Shin Tanaka, Associated Press
Ted Ligety of the United States holds up a note with a message for the Japanese people reading "I hope your recovery goes well. Persevere! Good luck!", in the finish area of an alpine ski, men's World Cup downhill event, at the World Cup finals in Lenzerheide, Switzerland, Wednesday, March 16, 2011.

LENZERHEIDE, Switzerland — Ted Ligety of the United States won the World Cup giant slalom title Friday, adding to the world championships gold medal he got last month.

The 26-year-old completed a season sweep of titles in his specialist event when the final World Cup GS race was canceled by poor weather and snow conditions.

"Having accomplished both of these things is pretty awesome," Ligety told The Associated Press. "I definitely wanted to get the medal. And you're always wanting to go for the season's title because it's a better indicator of your skiing."

Ligety won his third World Cup crystal globe trophy in four years after leading the standings all season long.

He reeled off a three-win streak in the first completed races at Beaver Creek, Colo.; Val d'Isere, France; and Alta Badia, Italy. He was also third, trailing by just 0.12 seconds, at Kranjska Gora, Slovenia.

Ligety dominated in many races with a clean, aggressive style of skiing. In Alta Badia, he knocked Olympic champion Carlo Janka out of the leader's box with a run that had the Swiss racer visibly astonished at the American's time.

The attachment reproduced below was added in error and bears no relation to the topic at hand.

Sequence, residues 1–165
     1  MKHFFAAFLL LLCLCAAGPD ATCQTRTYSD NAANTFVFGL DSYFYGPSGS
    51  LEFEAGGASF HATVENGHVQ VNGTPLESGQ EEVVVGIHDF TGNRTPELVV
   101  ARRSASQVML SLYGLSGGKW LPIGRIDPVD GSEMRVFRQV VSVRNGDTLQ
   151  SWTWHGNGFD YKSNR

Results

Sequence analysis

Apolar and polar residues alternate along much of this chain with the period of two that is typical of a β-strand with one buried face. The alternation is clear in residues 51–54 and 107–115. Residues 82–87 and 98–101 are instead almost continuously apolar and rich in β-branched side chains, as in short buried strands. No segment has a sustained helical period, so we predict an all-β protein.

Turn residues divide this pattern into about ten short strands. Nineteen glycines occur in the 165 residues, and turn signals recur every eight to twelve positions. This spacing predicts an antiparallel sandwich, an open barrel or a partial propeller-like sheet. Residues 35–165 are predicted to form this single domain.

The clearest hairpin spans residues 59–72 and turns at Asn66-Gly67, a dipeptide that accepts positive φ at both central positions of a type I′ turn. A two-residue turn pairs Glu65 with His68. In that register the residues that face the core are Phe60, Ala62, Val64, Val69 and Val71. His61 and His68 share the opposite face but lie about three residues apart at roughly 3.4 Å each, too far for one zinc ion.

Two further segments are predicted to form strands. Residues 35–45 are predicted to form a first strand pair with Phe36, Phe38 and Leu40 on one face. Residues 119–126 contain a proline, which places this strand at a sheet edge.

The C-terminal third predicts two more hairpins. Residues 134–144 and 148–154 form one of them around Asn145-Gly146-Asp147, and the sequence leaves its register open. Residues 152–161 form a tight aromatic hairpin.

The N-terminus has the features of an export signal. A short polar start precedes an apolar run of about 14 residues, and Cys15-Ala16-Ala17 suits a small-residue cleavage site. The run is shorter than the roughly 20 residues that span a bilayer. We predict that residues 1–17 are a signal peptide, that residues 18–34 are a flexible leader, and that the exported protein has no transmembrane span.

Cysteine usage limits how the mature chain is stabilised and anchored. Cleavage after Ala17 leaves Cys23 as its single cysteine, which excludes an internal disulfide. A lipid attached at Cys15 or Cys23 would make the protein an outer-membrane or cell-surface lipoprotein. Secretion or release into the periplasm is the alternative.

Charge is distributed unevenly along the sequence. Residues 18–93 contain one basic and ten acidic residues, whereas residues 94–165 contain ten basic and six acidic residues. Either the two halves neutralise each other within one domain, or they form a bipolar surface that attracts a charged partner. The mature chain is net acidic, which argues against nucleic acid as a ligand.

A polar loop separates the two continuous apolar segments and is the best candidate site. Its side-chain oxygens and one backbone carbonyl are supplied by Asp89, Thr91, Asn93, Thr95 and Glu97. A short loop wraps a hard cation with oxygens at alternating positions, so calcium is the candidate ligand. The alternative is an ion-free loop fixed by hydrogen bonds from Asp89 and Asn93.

"I was definitely happy with the way I won it this year," Ligety said. "Last year, I didn't feel like I skied all that amazingly. This time, I skied the way I wanted to."

The Park City, Utah, native arrived at World Cup finals week 77 points ahead of Norway's Aksel Lund Svindal, needing to finish 11th or better to seal the title.

Race organizers called off the race at 7 a.m. local time after struggling with persistent rain and warm temperatures.

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Ligety was sleeping when he got news of his title from U.S. men's ski team head coach Sasha Rearick.

"I woke up to a text from Sasha — then rolled over and went back to sleep. The coaches then asked me to come down for a little champagne," he said.

World Cup organizers were still trying to run Friday's scheduled women's slalom that could be decisive in the race for the overall title.

Three-time defending champion Lindsey Vonn of the U.S. holds a slender 27-point lead on Germany's Maria Riesch with just the slalom and Saturday's giant slalom left to race.